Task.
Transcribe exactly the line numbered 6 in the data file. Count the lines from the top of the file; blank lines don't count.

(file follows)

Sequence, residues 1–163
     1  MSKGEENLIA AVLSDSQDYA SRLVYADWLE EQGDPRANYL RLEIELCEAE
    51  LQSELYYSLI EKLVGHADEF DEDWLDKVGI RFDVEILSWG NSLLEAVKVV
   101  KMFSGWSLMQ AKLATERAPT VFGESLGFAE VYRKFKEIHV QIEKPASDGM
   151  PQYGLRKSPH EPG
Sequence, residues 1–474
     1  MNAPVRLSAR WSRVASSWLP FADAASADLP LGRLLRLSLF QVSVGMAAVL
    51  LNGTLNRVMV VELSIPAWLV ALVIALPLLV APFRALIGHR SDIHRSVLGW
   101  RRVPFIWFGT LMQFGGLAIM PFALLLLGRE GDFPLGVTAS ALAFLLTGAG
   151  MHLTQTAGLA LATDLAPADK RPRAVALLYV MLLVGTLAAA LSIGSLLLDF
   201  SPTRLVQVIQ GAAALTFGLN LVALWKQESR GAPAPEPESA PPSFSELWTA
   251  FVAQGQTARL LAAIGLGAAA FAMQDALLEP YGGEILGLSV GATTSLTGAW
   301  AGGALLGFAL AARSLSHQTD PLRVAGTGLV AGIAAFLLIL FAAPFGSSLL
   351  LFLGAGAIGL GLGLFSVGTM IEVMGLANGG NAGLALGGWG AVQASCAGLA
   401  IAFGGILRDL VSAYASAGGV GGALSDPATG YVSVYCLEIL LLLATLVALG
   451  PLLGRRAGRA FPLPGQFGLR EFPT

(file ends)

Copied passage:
Sequence, residues 1–474